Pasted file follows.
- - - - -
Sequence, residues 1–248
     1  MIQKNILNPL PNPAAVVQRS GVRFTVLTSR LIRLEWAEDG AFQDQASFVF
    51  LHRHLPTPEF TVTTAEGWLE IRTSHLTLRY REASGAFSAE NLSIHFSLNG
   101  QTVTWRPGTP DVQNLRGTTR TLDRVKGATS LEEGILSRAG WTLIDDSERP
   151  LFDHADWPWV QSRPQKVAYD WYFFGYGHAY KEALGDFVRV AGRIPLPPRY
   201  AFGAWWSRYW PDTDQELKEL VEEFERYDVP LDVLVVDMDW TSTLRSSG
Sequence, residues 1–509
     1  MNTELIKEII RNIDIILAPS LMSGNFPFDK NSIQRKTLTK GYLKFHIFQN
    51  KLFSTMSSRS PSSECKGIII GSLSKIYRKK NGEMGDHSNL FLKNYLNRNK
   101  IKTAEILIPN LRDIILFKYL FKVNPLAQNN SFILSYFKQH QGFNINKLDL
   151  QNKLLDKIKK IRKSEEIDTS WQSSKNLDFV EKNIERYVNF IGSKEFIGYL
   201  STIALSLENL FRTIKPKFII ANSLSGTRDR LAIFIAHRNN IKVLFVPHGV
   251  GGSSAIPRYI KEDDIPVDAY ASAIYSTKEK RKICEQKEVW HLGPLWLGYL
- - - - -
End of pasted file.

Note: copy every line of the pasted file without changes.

Sequence, residues 1–248
     1  MIQKNILNPL PNPAAVVQRS GVRFTVLTSR LIRLEWAEDG AFQDQASFVF
    51  LHRHLPTPEF TVTTAEGWLE IRTSHLTLRY REASGAFSAE NLSIHFSLNG
   101  QTVTWRPGTP DVQNLRGTTR TLDRVKGATS LEEGILSRAG WTLIDDSERP
   151  LFDHADWPWV QSRPQKVAYD WYFFGYGHAY KEALGDFVRV AGRIPLPPRY
   201  AFGAWWSRYW PDTDQELKEL VEEFERYDVP LDVLVVDMDW TSTLRSSG
Sequence, residues 1–509
     1  MNTELIKEII RNIDIILAPS LMSGNFPFDK NSIQRKTLTK GYLKFHIFQN
    51  KLFSTMSSRS PSSECKGIII GSLSKIYRKK NGEMGDHSNL FLKNYLNRNK
   101  IKTAEILIPN LRDIILFKYL FKVNPLAQNN SFILSYFKQH QGFNINKLDL
   151  QNKLLDKIKK IRKSEEIDTS WQSSKNLDFV EKNIERYVNF IGSKEFIGYL
   201  STIALSLENL FRTIKPKFII ANSLSGTRDR LAIFIAHRNN IKVLFVPHGV
   251  GGSSAIPRYI KEDDIPVDAY ASAIYSTKEK RKICEQKEVW HLGPLWLGYL